Why companies take on the role of educators

Key points to remember

  • The labor shortage crisis resulting from the lack of properly qualified workers is causing an overhaul of the educational landscape.

  • To keep pace with the digital transformation, tech companies like Amazon, IBM and others are stepping in to improve skills, develop and provide training opportunities for employees and non-employees.

  • Many companies have adapted their hiring and promotion practices around competency-based training.

It’s graduation day, but the degree awarded isn’t from Harvard or Georgetown, state university, or two-year community college. Instead, it’s a certificate from Machine Learning University, a flexible but rigorous top-level artificial intelligence training program and machine learning course created and taught by engineers at Amazon.

The Machine Learning University is just one of nine different digitally-focused training programs that Amazon offers to help develop and retrain employees. In an effort to keep pace with the rapidly accelerating digital transformation, tech companies like Amazon, IBM and others are stepping in to provide educational opportunities that were traditionally the domain of four-year colleges and technical and vocational schools. .

“As a nation, we are simply not producing enough STEM graduates to meet the demand not only for these specific STEM roles, but also for the jobs that are on the borderline where you need more and more. technical mastery in HR, law, and finance, for example, ”said Ardine Williams, vice president of workforce development at Amazon, at the recent Talent Forward Summit of the US Chamber of Commerce Foundation .

Ardine Williams, Vice President, Workforce Development, Amazon

The workforce shortage crisis resulting from the pandemic, coupled with the lack of properly qualified workers to fill the vacancies that existed before COVID-19, is driving this overhaul of the education landscape. Indeed, over the past two years, many companies have adapted their hiring and advancement practices around competency-based training. Some have even gone further, also offering training in new technologies to non-employees. IBM, for example, recently announced a plan to equip 30 million people around the world with new technological skills. Together with education providers, governments and other organizations in 30 countries, the company will strive for this ambitious goal by 2030.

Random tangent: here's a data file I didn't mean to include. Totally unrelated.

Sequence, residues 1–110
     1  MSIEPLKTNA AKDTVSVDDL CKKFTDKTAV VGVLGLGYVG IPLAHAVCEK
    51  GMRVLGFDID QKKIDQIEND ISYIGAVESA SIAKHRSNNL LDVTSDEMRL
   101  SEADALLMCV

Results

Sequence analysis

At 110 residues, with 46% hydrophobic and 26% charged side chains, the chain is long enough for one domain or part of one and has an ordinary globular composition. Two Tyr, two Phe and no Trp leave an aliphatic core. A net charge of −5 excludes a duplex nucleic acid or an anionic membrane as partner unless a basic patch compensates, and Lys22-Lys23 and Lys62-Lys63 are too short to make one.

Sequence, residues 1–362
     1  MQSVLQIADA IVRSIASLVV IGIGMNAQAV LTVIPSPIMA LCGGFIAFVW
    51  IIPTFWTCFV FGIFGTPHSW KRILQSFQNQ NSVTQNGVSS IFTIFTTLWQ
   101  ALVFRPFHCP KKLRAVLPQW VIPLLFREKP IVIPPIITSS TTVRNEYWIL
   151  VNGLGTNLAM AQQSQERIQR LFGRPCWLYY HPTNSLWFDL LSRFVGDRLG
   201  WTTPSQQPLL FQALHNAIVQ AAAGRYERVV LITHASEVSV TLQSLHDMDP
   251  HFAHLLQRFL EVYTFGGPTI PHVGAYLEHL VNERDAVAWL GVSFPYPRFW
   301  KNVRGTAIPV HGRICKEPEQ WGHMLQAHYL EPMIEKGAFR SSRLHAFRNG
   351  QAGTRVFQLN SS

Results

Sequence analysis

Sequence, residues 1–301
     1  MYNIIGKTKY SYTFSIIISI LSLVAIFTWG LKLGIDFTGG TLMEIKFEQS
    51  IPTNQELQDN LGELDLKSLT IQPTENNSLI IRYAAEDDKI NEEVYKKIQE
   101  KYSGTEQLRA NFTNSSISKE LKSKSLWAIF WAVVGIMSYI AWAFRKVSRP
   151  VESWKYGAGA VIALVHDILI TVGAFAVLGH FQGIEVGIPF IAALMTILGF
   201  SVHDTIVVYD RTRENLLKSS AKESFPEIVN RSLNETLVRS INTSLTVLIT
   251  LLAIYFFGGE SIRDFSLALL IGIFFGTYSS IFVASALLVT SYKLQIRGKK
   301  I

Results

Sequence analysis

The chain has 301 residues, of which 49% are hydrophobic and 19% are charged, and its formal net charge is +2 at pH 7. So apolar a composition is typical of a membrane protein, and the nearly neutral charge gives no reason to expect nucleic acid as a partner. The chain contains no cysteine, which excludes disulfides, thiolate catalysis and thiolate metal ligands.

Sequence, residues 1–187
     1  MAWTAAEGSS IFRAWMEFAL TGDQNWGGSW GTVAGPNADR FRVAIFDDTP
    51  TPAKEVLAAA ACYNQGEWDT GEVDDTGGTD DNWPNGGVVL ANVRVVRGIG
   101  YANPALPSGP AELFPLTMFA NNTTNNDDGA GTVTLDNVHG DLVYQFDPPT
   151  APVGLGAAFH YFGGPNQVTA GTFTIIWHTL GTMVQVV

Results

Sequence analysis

Lydia Logan, vice president of global education and workforce development at IBM, said the idea that a worker should pursue either a college program or a technical skills program was fundamentally flawed . “It’s not a choice,” Logan said. “People don’t learn at a university or any other setting. They do both these days. And when we talk about people learning the skills they need for the jobs of today and tomorrow – the STEM jobs that we often call the new pass jobs at IBM – it’s a learning game all about. throughout life.

Logan said the pandemic has intensified the need for companies like IBM to play a bigger role in retraining and developing people, even those who don’t work for IBM.

For its part, Amazon pledged to provide cloud computing training to 29 million people globally by 2025, and last month announced a plan to strengthen existing benefits in education and job training it provides to front-line American employees. The expansion, made possible through its Career Choice program, represents an investment of $ 1.2 billion through 2025. Hundreds of thousands of employees will be eligible for full tuition and high school diplomas , GEDs and English as a Second Language (ESL) proficiency certifications.

Williams said the expansion has been fueled in part by Amazon’s belief that access to learning more skills is one of the key attributes of a “good job.” She says the ability to add skills to the experience is essential “so that people can have a career, whether it’s with Amazon, which we hope, or elsewhere.”

Higher education institutions still have an important role to play, of course, in bringing in the skills of the nation’s collective workforce. “My personal belief is that collaboration between higher education institutions and businesses large and small is what will enable us to increase the workforce we need for the jobs of today and tomorrow, ”Williams said.

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Sean Ludwig

Editorial Director, Emerging Digital Platforms

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